In step S140, the printing data output section F5 (refer to FIG. 2) rearranges the set of printing data having been generated in step S130 into order in which the set of printing data is to be transferred to the recording head 26. As a result of the rearrangement processing, it is determined at which timing and through which nozzle each of ink dots defined by the set of printing data is to be formed, on the basis of a pixel location and an ink color corresponding to the each of ink dots. The printing data output section F5 outputs a set of printing data resulting from the rearrangement processing to the printer 20 side via the I/F 19a, together with pieces of information prescribing other printing conditions (a piece of information designating a type of paper, and the like). Subsequently, the printer 20 performs printing (discharging of ink droplets from the recording head 26) based on the set of printing data having been transmitted from the printing data output section F5, onto the second paper (for example, mat paper).

3. GENERATION OF CHARACTERISTIC CONVERSION TABLE

A method for generating a characteristic conversion table T0 will be described below. The characteristic conversion table T0 corresponds to characteristic conversion coefficients for converting the characteristic of the first paper into the characteristic of the second paper, and is necessary information for generating the above-described second correction tables T2.

FIG. 4 illustrates characteristic conversion table generation processing by using a flowchart. This processing is performed by using a printer capable of performing printing on the first paper and the second paper, and a control device for controlling the printer. The printer capable of performing printing on the first paper and the second paper may be, for example, the reference machine 40. It is supposed, here, that the characteristic conversion table generation processing is performed by using the reference machine 40 and a control device (for example, the control device 10) for controlling the reference machine 40.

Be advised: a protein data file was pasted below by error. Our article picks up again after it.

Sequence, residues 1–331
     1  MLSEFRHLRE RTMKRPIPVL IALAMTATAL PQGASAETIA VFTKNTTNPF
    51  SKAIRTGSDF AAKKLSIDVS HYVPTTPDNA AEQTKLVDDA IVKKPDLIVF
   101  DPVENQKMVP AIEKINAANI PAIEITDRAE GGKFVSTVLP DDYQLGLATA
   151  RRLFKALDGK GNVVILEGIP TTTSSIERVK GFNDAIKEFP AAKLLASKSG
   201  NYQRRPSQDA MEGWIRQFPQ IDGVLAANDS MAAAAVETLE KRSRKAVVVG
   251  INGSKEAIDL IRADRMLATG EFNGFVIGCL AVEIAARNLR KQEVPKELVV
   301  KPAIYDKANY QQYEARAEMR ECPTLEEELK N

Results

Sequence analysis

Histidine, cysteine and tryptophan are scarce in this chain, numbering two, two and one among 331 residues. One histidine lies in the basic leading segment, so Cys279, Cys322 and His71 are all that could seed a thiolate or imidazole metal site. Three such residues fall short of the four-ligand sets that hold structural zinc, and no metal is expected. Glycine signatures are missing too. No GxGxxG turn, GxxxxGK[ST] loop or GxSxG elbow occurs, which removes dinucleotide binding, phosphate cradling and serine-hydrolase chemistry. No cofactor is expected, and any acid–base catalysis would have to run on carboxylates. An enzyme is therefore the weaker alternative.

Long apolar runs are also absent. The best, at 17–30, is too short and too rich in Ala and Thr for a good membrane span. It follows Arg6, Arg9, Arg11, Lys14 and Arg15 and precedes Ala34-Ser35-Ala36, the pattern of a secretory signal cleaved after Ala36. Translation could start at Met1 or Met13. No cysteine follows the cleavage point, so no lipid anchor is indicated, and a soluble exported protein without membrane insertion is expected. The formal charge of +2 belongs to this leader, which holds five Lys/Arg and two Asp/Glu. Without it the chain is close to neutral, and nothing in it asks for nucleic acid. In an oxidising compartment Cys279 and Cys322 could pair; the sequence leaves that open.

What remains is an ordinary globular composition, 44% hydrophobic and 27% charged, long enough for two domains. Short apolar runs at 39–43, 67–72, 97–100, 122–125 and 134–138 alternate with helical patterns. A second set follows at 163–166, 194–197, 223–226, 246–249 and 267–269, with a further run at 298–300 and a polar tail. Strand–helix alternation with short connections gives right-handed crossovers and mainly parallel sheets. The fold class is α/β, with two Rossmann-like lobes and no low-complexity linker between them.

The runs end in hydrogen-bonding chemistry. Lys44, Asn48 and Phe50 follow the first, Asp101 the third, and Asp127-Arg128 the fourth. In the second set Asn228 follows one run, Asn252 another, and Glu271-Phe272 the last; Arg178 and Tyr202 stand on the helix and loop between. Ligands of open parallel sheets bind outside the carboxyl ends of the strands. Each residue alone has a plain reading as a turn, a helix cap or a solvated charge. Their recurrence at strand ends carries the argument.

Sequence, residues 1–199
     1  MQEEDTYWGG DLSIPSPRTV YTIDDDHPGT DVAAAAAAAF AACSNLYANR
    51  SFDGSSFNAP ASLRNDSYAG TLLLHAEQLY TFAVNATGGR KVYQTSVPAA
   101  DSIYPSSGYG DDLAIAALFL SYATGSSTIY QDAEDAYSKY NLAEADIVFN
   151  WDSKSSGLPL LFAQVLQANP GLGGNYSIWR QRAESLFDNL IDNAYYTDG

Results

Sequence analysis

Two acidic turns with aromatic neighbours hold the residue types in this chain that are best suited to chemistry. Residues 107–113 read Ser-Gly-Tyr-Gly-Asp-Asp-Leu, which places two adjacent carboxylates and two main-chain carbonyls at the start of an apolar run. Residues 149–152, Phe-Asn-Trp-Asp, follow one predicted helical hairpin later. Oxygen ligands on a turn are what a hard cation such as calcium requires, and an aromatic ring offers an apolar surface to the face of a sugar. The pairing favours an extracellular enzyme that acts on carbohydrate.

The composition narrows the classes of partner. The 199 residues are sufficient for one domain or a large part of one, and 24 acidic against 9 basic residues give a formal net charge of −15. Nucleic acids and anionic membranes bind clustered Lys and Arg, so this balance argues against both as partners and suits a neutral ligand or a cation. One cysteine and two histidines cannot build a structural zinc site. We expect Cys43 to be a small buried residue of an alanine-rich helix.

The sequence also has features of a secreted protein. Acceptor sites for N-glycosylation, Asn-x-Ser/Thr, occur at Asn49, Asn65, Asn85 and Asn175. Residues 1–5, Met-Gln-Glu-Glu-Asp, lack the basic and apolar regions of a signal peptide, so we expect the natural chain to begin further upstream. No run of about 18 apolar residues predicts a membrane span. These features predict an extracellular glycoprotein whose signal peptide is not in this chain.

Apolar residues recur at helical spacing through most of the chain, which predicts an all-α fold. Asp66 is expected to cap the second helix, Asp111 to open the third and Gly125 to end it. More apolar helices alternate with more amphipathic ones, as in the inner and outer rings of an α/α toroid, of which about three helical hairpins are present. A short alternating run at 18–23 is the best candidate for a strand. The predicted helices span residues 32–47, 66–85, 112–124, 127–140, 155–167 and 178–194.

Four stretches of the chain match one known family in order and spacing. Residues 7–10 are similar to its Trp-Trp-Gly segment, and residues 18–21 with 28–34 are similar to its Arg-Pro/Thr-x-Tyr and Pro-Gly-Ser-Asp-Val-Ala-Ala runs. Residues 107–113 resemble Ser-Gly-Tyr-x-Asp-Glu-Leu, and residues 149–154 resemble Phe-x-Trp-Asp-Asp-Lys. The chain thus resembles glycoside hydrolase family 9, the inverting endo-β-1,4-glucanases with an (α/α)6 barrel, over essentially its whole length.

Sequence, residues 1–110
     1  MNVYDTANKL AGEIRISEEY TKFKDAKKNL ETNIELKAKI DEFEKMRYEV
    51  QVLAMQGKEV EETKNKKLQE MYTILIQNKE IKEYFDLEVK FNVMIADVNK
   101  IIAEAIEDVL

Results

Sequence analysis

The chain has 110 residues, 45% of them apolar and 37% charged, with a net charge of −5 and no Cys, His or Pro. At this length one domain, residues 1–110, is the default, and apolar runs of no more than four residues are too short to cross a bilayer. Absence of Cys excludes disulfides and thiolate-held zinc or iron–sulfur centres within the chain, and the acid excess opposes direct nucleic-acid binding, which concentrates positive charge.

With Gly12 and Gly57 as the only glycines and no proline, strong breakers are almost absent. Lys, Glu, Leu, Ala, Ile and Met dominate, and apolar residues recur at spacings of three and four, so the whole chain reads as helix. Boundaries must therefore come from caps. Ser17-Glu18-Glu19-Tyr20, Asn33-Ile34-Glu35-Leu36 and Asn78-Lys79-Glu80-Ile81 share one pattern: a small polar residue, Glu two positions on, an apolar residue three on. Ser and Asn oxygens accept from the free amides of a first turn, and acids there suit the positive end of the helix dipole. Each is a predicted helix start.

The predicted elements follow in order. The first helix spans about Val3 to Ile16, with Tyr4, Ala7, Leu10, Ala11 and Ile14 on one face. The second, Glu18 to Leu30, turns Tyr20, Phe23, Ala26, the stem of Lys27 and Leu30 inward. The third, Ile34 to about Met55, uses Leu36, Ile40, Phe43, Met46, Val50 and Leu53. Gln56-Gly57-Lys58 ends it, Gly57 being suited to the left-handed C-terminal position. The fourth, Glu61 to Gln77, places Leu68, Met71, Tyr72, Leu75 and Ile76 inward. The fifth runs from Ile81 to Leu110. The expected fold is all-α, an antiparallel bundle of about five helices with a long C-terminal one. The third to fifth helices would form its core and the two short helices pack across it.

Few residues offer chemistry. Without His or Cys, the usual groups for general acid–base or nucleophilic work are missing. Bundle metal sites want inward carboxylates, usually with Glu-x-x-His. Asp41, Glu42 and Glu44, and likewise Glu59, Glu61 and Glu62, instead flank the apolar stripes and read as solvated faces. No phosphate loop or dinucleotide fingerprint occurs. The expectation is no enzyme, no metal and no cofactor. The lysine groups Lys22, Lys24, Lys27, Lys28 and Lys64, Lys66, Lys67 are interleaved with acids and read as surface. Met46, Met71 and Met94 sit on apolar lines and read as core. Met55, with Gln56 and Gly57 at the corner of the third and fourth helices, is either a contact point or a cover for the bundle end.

In step S200, the control device 10 causes the reference machine 40 to perform printing of a predetermined test pattern on the first paper (for example, glossy paper) on the basis of a set of test pattern data representing the test pattern. In this case, the test pattern is a test pattern including a plurality of single-color color patches for each of the ink colors CMYK used by the printer 20. That is, the set of test pattern data is a set of ink amount data representing a plurality of color patches, and is prepared in advance. The set of test pattern data includes, for each ink color, patches having a plurality of stages of color density levels. For example, a plurality of color patches corresponding to one ink color are color patches each of which is represented by a corresponding one of a plurality of color density levels (grayscale values) which are placed at constant intervals between a minimum color density level (grayscale value “0”) and a maximum color density level (grayscale value “255”). In the set of test pattern data, all pixels representing one color patch have the same grayscale value for one ink color.